Keaton Henson shares more on Kindly Now

kindly-nowKeaton Henson has crafted a career from writing immersive and deeply sad indie folk songs. His new album, Kindly Now, is no exception to the rule, giving us a glimpse into his inner struggles. From failing to connect with others to coping with anxiety, Henson is both candid in his storytelling and, in parts, determined that he will overcome his troubles. Across the record, Henson’s quivering voice is the main attraction. With his disarmingly timid falsetto, Henson trudges through twelve bittersweet orchestral heartbreakers.

Opening track “March”, a mash-up of diced samples and textures, showcases Henson’s more experimental side before the record plummets into the more familiar-sounding and frail “Alright”. Tipping a hat to fellow folk connoisseurs Perfume Genius and Destroyer, the song is stirringly beautiful, as Henson acknowledges that depression and heartbreak will follow him wherever he goes, but remains — in his own deadpan way — defiant: "Obviously my wounds are open to see, But don't take them seriously, I'll be fine." Once again experimental in colour, the anthemic ‘Comfortable Love’ opens with swaying, lazily-picked guitars; its compelling sound is similar to the madness of Dean Blunt’s Black Metal as it bursts into a malaise of soaring harmonies.

In “The Pugilist”, with its dramatic strings and torn melody, Henson fights his corner as a serious artist, (“Don’t forget me, I still have art in me yet”), and implies that suffering for his art is a small price to pay to feel alive (“To remind me I'm living, And that I still need it”). Filled with cascading guitars and shivering cellos, “The Pugilist” is the record’s standout and most heartbreaking moment.

In contrast, Kindly Now’s most upbeat moment is the soulful Afro gospel, indie rock "Holy Lover". With this ode to Paul Simon’s Graceland, Henson nervously confesses I think I love you, baby please don’t be afraid of me.” The song feels like a turning point for Henson, not only on the album, but in his personal life too.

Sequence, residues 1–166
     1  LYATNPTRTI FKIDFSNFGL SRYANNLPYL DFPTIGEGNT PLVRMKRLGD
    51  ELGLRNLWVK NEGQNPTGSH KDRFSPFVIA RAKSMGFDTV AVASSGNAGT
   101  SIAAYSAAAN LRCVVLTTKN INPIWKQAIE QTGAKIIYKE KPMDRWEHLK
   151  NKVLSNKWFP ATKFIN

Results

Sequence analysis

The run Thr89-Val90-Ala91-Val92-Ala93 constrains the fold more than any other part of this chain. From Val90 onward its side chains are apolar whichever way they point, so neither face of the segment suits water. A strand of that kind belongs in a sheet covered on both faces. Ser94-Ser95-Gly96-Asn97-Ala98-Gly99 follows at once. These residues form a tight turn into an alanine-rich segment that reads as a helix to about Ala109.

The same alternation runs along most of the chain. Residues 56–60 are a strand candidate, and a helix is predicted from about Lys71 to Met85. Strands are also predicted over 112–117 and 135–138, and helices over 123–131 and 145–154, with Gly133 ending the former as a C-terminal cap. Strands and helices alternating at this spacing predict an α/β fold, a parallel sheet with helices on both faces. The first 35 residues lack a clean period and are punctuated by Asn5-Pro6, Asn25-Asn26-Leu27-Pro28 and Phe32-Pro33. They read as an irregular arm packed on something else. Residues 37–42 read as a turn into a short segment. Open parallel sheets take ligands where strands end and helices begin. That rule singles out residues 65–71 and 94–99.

The therapy continues on “How Could I Have Known” and “Good Lust”, as Henson continues to pick at the scabs of past relationships. Unable to let his insecurities dissipate, Henson sings about love like an awkward, heavy-hearted teenager, whispering lyrics “know that our love was real but I broke the deal all out I the cold, baby come hold me close, please don’t let me drown”, before the record comes to rest with the retreating sound of piano.

 Shaking off labels such as the 'British Jeff Buckley', Henson has grown into his sound over time. If Birthdays was his attempt at self-loathing, then Kindly Now is his attempt at therapy; as with the album’s artwork, Henson has painted a self-portrait of himself and plastered over his faults. Stitched together with lulling orchestras, romantic sentiments and quivering vocals, the anxiety-ridden Kindly Now is an obscured window into the mind of one of music’s most reclusive characters.

Release: 16th September 2016, Play It Again Sam

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